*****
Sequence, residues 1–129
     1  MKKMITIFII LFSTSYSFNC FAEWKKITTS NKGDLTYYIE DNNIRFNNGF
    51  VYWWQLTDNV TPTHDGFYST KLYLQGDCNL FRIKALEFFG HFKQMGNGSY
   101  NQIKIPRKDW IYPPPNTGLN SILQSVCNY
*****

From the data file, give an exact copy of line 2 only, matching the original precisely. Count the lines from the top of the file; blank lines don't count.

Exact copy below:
     1  MKKMITIFII LFSTSYSFNC FAEWKKITTS NKGDLTYYIE DNNIRFNNGF